Superpave Tests for PG Asphalt Binder
AASHTOASTMTest DescriptionTesting Equipment
T 48D92Flash PointCleveland Open Cup Tester
T 240D2872Rolling Thin-Film OvenRTFO Ovens
T 313D6648Flexural Creep StiffnessBending Beam Rheometers (BBR)
T 314-Direct Tension Test-
T 315D7175Dynamic ShearDynamic Shear Rheometers
T 316D4402Rotational ViscosityRotational Viscometers
R 28D6521Accelerated AgingPressure Aging Vessel (PAV)
Vacuum Degassing Oven (VDO)

Aggregate Selection

Aggregates make up about 95% of an asphalt mixture, and their function in the overall performance of a pavement is critical. Superpave has unique criteria for aggregate acceptability that are detailed in section 6 of AASHTO M 323. Because aggregates from a single source rarely meet all the requirements, materials from different stockpiles are frequently blended to produce an acceptable mix design.

  • Gradation control points mean that the percentage passing values of the gradation curve must fall between the specified points. Aggregate gradation tests are performed using standard methods (AASHTO T 27 / ASTM C136) and equipment (AASHTO M 92 / ASTM E11 test sieves). Gradation directly affects pavement performance factors like strength, stability, permeability, and fatigue resistance. Maximum size is also a factor in lift thickness and compaction.
  • Consensus property requirements specify fine aggregate angularity, percentage of fracture faces, and sand equivalent (clay content) values as well as shape. Angular aggregates resist rutting due to their greater shear resistance, but they also tend to form higher aggregate air voids, a problem when trying to control the amount of binder used. Superpave aggregate consensus properties are based on anticipated equivalent single-axle loads (ESALs) and depth from the surface.
  • Source properties are the third criteria not covered in M 323 but are often used when more traditional tests for durability and soundness are required locally.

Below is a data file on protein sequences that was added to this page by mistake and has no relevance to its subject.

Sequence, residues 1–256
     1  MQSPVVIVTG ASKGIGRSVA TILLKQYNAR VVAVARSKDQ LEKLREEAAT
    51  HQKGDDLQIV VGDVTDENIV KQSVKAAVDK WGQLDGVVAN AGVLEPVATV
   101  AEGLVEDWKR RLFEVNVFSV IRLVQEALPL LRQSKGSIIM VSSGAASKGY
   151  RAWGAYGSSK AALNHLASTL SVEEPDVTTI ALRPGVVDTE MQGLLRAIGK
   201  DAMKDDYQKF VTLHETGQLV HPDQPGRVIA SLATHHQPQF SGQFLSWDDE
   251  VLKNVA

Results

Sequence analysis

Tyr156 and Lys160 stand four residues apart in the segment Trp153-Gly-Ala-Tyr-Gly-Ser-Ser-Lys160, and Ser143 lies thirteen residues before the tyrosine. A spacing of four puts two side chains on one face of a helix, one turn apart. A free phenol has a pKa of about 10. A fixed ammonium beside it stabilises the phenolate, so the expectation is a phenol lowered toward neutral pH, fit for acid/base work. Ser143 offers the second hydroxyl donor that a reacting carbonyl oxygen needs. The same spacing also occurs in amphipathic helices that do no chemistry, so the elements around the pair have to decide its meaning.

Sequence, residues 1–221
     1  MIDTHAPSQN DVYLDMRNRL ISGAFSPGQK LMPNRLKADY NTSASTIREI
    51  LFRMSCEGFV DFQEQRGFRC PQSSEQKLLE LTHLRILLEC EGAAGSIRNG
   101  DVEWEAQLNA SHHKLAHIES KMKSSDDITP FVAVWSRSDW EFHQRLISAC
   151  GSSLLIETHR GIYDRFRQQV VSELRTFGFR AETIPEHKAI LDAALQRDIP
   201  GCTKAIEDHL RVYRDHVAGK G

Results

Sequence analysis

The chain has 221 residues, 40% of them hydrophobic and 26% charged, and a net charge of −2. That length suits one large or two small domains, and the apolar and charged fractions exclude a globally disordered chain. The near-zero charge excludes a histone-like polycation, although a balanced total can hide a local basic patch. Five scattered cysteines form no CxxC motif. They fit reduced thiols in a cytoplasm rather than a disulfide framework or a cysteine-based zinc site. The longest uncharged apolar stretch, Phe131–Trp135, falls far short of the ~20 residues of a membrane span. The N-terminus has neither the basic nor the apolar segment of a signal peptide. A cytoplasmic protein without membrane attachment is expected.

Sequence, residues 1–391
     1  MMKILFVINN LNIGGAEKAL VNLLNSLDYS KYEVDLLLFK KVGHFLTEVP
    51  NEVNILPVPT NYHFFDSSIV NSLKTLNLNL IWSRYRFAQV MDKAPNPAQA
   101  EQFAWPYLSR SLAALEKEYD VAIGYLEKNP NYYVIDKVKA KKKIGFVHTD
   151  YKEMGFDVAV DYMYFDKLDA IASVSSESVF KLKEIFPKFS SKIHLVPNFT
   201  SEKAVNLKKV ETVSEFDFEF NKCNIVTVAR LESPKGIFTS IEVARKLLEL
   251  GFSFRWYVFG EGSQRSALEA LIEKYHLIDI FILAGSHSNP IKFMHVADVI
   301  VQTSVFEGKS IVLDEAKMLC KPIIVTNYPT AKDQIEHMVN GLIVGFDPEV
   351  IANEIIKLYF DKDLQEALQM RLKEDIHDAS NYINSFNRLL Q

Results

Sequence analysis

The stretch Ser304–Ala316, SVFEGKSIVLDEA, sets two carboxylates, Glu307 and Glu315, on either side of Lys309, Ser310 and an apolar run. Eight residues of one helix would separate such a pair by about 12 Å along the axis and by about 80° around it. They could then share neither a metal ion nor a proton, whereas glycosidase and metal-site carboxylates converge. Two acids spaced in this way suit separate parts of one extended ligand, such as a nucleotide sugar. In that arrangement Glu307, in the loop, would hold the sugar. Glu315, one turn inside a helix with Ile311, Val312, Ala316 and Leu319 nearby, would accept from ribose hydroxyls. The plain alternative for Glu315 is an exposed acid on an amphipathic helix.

Superpave Tests for Aggregate
AASHTOASTMTest DescriptionTesting Equipment
T 304C1252Void Content of Fine AggregateFine Aggregate Angularity Apparatus
T 335-Percentage of Fractured Faces¹-
-D4791 (withdrawn)Flat and Elongated ParticlesProportional Calipers
T 176D2419Sand Equivalent ValueSand Equivalent Apparatus
¹ is a visual evaluation of fracture surfaces on separated size fractions of aggregate

Superpave Mix Design Analysis

Once local environmental conditions have been collected to determine which PG asphalt binder to use and an aggregate blend has been selected, it’s time to establish the optimum binder content. Several trial mixes are prepared, two at the proposed binder content and two at 0.5% higher and 0.5% lower.

Each trial mix sample is compacted in the Superpave gyratory compactor using three different gyration cycles based on 20-year traffic loading estimates in millions of ESALs from AASHTO R 35:

  • Ninitial: This number of gyrations measures compactibility of the mix during construction. If mixture air voids are too low at this point, the pavement may be unstable under traffic loads. This may also be an indication of too much natural sand in the mixture.
  • Ndesign: The number of gyrations to duplicate the expected density of the mixture in the field. An air void content of 4% is ideal at this point.
  • Nmax: This number of gyrations produces a density that should not be exceeded in the field. Air voids less than about 2% at Nmax result in a mix that compacts too much under traffic and is susceptible to rutting.

After testing in the gyratory compactor, separate samples of each trial mix undergo maximum and bulk-specific gravity testing. Test values from the theoretical maximum specific gravity (Gmm or Rice test) and bulk specific gravity tests (Gmb) are used to calculate air void content (Va) and voids in mineral aggregates (Vma) values.

Superpave Tests for Mix Analysis
AASHTOASTMTest DescriptionTesting Equipment
T 312D6925¹Gyratory CompactionSuperpave Gyratory Compactors
T 209-Theoretical Max Specific GravityAsphalt Maximum Specific Gravity
T 166-Asphalt Bulk Specific Gravity (SSD)Specific Gravity Accessories
T 275-Asphalt Bulk Specific Gravity (Paraffin Coated)Specific Gravity Accessories
¹ASTM D6925 uses a process different than Superpave for this test method

Learn More

Superpave continues to grow and evolve as a design method. These links are great sources of information for the background, history, development, and advancement of the practice.

We hope this blog post has answered your questions about the Superpave and the Superpave asphalt mix design process. If you have questions about your particular applications, contact our testing experts for help.

About the Author Ben Backus